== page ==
# Relativity and differential equation

I have a question regarding Misner, Charles W.; Thorne, Kip S.; Wheeler, John Archibald (1973), Gravitation ISBN 978-0-7167-0344-0. It is a book about Einstein's theory of gravitation.

In page 166 of chapter 6.2 about Hyperbolic Motion, the authors present a person feeling constant acceleration $$g$$ along the direction $$x^1$$. The authors get the following equations:

$$a^0 = \frac{du^0}{d \tau} = gu^1$$ $$a^1 = \frac{du^1}{d \tau} = gu^0$$

And the system is solved by the authors to get:

$$t=g^{-1} \sinh{g\tau}$$ $$x=g^{-1} \cosh{g\tau}$$

So obviously $$u^0 = t$$ and $$u^1 = x$$, but I am not sure about the change of variable between $$t$$ and $$\tau$$ to make the appearance of the Lorentz factor.

How do the authors solve the differential equation?

• $u$ is the four velocity. $u^0 = dx^0/d\tau$, i.e. $dt/d\tau$, and $u^1 = dx^1/d\tau$ – John Rennie Jun 26 '19 at 16:13
• Take another derivative to get uncoupled second-order ODEs for $u^0$ and $u^1$. They look like harmonic oscillators but with opposite sign. Solve these, then integrate to get $x^0$ and $x^1$. – G. Smith Jun 26 '19 at 16:19
• equation 1 ${\frac {d}{d\tau}}t \left( \tau \right) =gx \left( \tau \right)$ equation 2 ${\frac {d}{d\tau}}x \left( \tau \right) -gt \left( \tau \right)$ take $\frac{d}{dt}$ of equation (1) with equation (2) you get: ${\frac {d^{2}}{d{\tau}^{2}}}t \left( \tau \right) -{g}^{2}t \left( \tau \right)$ The solution is $t(\tau)=\frac{1}{g}\,\sinh(g\,\tau)$ – Eli Jun 26 '19 at 17:31
• @Eli No, see John Rennie’s comment. Also, your solution doesn’t satisfy your equation. – G. Smith Jun 26 '19 at 19:33
• @G. Smith I see: equation (1) is correct but equation (2) must be equal to zero. The differential equation is : ${\frac {d^{2}}{d{\tau}^{2}}}t \left( \tau \right) -{g}^{2}t \left( \tau \right) =0$ and the solution is what i wrote bevor? check it please. – Eli Jun 26 '19 at 20:20

solution:

$${\frac {d}{d\tau}}u_{{0}} \left( \tau \right) -gu_{{1}} \left( \tau \right) =0\tag 1$$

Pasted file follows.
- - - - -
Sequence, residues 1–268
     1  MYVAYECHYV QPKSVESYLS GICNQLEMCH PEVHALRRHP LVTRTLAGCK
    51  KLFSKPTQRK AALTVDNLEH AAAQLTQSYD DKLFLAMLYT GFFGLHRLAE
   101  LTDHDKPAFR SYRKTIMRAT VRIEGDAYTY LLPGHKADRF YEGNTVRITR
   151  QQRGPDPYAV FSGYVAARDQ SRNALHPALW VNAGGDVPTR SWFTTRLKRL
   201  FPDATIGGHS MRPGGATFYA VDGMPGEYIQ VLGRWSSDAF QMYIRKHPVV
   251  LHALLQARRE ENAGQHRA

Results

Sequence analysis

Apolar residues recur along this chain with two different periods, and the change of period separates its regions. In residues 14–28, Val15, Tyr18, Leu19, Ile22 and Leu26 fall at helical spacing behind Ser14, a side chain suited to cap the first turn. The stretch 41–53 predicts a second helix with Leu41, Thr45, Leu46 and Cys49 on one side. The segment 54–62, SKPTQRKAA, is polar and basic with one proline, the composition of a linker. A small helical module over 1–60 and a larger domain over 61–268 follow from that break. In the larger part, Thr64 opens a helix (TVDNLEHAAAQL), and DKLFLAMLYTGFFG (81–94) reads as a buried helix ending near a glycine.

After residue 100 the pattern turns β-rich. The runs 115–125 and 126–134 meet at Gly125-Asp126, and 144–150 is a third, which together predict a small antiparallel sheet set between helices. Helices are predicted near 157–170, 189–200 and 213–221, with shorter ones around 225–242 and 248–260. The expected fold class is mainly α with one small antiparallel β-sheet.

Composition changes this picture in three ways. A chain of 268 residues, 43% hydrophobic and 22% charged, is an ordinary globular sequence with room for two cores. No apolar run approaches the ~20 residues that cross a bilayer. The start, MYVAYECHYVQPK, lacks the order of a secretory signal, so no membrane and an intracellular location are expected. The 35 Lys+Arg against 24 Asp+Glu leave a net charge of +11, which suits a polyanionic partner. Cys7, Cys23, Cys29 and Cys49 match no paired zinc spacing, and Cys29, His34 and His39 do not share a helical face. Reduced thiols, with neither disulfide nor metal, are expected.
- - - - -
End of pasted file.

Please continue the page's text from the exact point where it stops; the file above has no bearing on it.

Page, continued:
$${\frac {d}{d\tau}}u_{{1}} \left( \tau \right) -gu_{{0}} \left( \tau \right) =0\tag 2$$

and the constraint condition that

$$dsq=\left( {\frac {d}{d\tau}}u_{{0}} \left( \tau \right) \right) ^{2}- \left( {\frac {d}{d\tau}}u_{{1}} \left( \tau \right) \right) ^{2}= \epsilon\tag 3$$

where $$\epsilon=0$$ or $$1$$

with $$\frac{d}{d\tau}eq(1)$$ and equation (2) we obtain:

$${\frac {d^{2}}{d{\tau}^{2}}}u_{{0}} \left( \tau \right) -{g}^{2}u_{{0} } \left( \tau \right) =0 \tag 4$$ $$\Rightarrow$$ $$u_0(\tau)=1/2\,{\frac { \left( gA+B \right) {{\rm e}^{g\tau}}}{g}}+1/2\,{\frac { \left( -B+gA \right) {{\rm e}^{-g\tau}}}{g}}\tag 5$$ where $$A=u_0(0)$$ and $$B=D(u_0)(0)$$ are arbitrary initial conditions

with equation (3) and (2) we get for dsq

$$dsq(\tau)=\left( {\frac {d}{d\tau}}u_{{0}} \left( \tau \right) \right) ^{2}- (g\,u_0(\tau))^2= \epsilon$$

thus: for $$dsq(0)=\epsilon$$ we can obtain the initial condition $$B=B(A)$$ and get:

$$B=\sqrt {{g}^{2}{A}^{2}+\epsilon}$$

with $$A=0$$ and $$\epsilon=1$$ we get:

$$u_0(\tau)=1/2\,{\frac {{{\rm e}^{g\tau}}}{g}}-1/2\,{\frac {{{\rm e}^{-g\tau}}}{g }}=\frac{1}{g}\sinh(g\tau)$$

$$u_1(\tau)={\frac {1/2\,{{\rm e}^{g\tau}}+1/2\,{{\rm e}^{-g\tau}}}{g}}=\frac{1}{g}\cosh(g\tau)$$ and for $$A=1 \,,\epsilon=0$$ we get

$$u_0(\tau)=e^{g\,\tau}$$ $$u_1(\tau)=e^{g\,\tau}$$

• How did you get the constraint condition? And why should we pick A=0 and epsilon = 1? – PackSciences Jun 30 '19 at 16:04
• @PackSciences This is because the 4 velocities $u_\mu\,u^\mu=c^2=1=\epsilon$ , and for example with $A=0$ you can fulfil this requirement. – Eli Jul 1 '19 at 6:58
• Why is epsilon = 0 possible? Why the condition A=0 imposed by the question? What in the question tells A=0 or epsilon=1? – PackSciences Jul 1 '19 at 16:13
• @PackSciences for particle with mass $(\frac{ds}{d\tau})^2=c^2=\epsilon=1$ for a massless particle (light) $\epsilon=0$ so you get the light cone this mean that $u_0(\tau)=u_1(\tau)$ or if you want $t=x$. – Eli Jul 1 '19 at 16:30